Why did biblical people so fluidly change their names? With Amminadab meaning “my kinsman [are] noble”, did he change to that name later on or was his family cocky when he was born?

Why do individuals change their names so often in the bible? One reason might be literary convenience. I have always read Ruth as a fictional allegory, kind of like the text Everyman, which has characters who stand for things–Good deeds, Fellowship, Death, etc.–because the characters aren’t the point, just concepts in the moral message of the story. I read once that the Wizard of Oz is just such a story, where the Wizard is a populist president like Trump running OZ (DC?) from behind a curtain, while the  other characters also have political significance: Dorothy is the heartland, and Scarecrow, Tin Woodsman, and Cowardly lion represent various political responses to the heartland.

If we read Ruth the way we read the allegory Everyman, we realize that this short story would have been understood as a morality tale by Hebrew-speaking people. In a morality tale, names are symbolic from the start, which makes them easy to change. Why would a parent name her child “sickness”? Bad luck!  It’s like a friend of mine who named his cats “Speedbump” and “Antifreeze” because he wanted to be prepared for disaster. That’s why I would argue that Ruth is an allegory, where all the characters represent a quality in a moral drama, much like the English story “Everyman.” The names tell us to read this story as a morality tale, not a biography.

By the way, I think Genesis 2.2’s creation story is kind of similar. You have a character named “Clay” who meets a character called “Life-Breath” and they marry. They have a child named “Breath” who dies young, and another child named “Compensation” (Seth) as a replacement. So either God named these characters with a sense of irony, or Genesis 2.2’s creation story was always meant to be read symbolically, not literally. I realize that’s a controversial position to take.

On the other hand, maybe people really did change their names. If you google this question, you’ll get lots of Christian web sites that analyze the name changes as transformation, and that’s certainly what happens in Ruth. But is that always what happens? For example, in Genesis God changes Jacob’s name to Isra-el to show Jacob’s connection to the nation. But why didn’t God start Jacob out with that name? I have always thought the name changes solves a problem in the sources, where the character has one name in the southern text and another in the northern text. In Exodus, for example, Moses goes up “Mt Sinai” in one source and “Mt Moriah” in another. Let’s say one source, probably E, used Israel and another, probably J and P, used “Jacob.” (The first name has El in it, the second Yahweh). The the editor merged the sources and used the name change to explain why there were two different names in the source.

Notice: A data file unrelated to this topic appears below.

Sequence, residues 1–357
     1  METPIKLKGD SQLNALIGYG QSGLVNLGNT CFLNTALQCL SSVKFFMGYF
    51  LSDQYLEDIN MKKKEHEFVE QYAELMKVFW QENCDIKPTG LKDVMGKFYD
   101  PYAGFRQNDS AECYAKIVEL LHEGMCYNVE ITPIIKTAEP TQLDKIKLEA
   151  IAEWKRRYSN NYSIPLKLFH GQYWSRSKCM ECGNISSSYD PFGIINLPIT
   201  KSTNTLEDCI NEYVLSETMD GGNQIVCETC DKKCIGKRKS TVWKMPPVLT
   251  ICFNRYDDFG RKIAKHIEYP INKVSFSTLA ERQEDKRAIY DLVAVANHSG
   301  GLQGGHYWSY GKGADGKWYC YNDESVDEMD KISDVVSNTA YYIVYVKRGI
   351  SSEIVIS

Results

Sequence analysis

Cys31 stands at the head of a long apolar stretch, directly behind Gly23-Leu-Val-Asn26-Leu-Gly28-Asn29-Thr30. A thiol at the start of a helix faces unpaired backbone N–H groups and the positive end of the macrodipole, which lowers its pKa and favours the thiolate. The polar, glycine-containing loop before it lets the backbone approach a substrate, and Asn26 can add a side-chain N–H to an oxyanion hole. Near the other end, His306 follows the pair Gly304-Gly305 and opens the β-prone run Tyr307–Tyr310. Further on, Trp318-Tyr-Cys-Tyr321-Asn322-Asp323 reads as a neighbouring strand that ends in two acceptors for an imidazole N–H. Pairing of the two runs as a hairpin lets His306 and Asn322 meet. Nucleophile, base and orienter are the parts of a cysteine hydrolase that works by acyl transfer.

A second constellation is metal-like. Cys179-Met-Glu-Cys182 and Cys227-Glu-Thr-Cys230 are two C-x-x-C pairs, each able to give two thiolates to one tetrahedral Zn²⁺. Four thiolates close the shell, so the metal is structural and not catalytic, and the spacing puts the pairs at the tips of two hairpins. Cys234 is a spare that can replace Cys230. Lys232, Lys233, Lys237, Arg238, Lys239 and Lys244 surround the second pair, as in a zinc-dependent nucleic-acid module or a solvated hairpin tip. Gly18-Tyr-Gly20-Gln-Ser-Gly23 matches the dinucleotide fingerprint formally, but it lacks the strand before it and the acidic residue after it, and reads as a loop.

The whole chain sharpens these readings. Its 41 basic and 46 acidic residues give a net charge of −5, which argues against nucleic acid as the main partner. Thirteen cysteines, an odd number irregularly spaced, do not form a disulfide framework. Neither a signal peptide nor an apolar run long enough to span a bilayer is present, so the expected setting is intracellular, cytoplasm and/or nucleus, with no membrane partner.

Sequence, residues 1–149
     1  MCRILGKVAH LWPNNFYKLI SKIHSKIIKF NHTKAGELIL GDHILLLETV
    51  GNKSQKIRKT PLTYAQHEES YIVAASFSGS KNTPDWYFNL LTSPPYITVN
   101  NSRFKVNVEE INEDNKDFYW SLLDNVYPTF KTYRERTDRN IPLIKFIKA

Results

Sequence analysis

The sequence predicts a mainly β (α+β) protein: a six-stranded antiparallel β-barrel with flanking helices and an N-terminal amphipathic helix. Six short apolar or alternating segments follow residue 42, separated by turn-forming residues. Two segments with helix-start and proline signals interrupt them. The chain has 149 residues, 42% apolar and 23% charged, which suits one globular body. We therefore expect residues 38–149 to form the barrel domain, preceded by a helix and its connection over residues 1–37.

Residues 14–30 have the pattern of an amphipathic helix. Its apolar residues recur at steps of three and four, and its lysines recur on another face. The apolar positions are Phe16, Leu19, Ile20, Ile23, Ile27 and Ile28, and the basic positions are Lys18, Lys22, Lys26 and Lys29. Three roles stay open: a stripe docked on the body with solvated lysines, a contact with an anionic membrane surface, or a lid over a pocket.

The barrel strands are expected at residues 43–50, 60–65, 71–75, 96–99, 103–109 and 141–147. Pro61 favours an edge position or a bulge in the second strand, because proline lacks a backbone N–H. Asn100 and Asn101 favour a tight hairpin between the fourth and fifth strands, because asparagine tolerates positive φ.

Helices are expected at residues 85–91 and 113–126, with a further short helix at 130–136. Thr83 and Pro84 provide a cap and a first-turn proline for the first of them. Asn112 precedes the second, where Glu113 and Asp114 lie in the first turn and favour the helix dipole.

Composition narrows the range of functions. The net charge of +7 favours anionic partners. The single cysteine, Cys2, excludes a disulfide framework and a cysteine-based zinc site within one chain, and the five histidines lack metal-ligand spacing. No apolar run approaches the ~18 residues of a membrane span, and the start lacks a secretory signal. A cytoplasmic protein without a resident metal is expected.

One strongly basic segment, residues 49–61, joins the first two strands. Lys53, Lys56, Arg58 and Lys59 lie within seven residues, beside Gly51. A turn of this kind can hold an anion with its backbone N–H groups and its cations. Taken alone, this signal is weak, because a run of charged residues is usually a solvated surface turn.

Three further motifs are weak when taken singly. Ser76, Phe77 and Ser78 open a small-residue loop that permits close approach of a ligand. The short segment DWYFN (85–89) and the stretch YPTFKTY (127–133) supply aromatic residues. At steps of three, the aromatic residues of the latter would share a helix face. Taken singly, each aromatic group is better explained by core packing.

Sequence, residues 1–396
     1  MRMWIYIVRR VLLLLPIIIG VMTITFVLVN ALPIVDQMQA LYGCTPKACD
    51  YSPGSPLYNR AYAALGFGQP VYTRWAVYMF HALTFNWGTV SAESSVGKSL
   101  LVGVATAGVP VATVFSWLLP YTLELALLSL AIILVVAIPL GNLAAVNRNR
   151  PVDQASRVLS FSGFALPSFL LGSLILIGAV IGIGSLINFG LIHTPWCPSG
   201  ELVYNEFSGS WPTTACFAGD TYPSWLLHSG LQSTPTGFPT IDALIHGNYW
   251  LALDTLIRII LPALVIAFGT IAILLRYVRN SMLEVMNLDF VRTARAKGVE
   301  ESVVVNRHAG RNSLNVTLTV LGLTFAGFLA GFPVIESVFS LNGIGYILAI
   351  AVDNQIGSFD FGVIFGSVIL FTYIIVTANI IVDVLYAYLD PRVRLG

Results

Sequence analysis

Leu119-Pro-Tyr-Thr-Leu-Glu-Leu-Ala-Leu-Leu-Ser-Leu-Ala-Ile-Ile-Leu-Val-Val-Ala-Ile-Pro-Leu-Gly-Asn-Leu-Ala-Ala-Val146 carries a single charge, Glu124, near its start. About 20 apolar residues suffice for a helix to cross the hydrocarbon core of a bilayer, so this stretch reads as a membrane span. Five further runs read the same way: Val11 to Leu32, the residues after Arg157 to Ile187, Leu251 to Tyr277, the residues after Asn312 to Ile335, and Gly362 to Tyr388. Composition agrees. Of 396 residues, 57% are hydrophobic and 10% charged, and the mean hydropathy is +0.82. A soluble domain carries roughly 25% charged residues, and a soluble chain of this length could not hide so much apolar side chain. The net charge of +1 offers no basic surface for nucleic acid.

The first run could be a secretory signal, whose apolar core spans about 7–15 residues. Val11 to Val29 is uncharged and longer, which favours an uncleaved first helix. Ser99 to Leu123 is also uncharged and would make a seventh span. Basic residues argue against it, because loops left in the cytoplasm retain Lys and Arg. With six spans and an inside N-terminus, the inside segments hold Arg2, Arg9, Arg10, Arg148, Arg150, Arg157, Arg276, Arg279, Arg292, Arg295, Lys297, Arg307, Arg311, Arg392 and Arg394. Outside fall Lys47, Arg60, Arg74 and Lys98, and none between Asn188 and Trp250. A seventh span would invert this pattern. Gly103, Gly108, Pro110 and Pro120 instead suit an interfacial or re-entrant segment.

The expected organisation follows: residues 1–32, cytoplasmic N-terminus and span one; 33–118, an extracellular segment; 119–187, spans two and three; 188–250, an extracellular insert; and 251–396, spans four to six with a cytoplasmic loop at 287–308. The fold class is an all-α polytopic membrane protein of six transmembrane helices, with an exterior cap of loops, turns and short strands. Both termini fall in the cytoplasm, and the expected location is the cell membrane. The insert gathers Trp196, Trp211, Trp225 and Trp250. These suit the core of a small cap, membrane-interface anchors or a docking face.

Now let’s look at an example of a character we are sure existed. According to tradition, Paul’s name changed to Saul on the road to Damascus after he had a vision about Jesus saying “Why do you persecute me, Saul?” What was the point of that name change? Well, first, according to Acts, the name change actually happened way after the conversion, in Cyprus, but the story was revised so name change coincided with Paul’s conversion. Perhaps Paul saw it as a kind of “rebranding moment.” What do I mean by that? The truth is, most Jews had a Hebrew name (Saul) and a Greek name (Paul). So when the Jewish Saul changes his name to the Greek Paul, he might have been making a point about abandoning his Jewish destiny for his world destiny (Greece being the world, according to the author of John’s gospel.)

For another take, a scholar named Timothy Seymour argued in 1983 that people in the ancient near east associated names with destinies, and that the ultimate greatness was for God to speak one’s name. People equated names with souls, so it would make sense that if one’s destiny changed because of God, one’s name would too. Here’s a link to his article: https://escholarship.org/uc/item/3dg0m1cj

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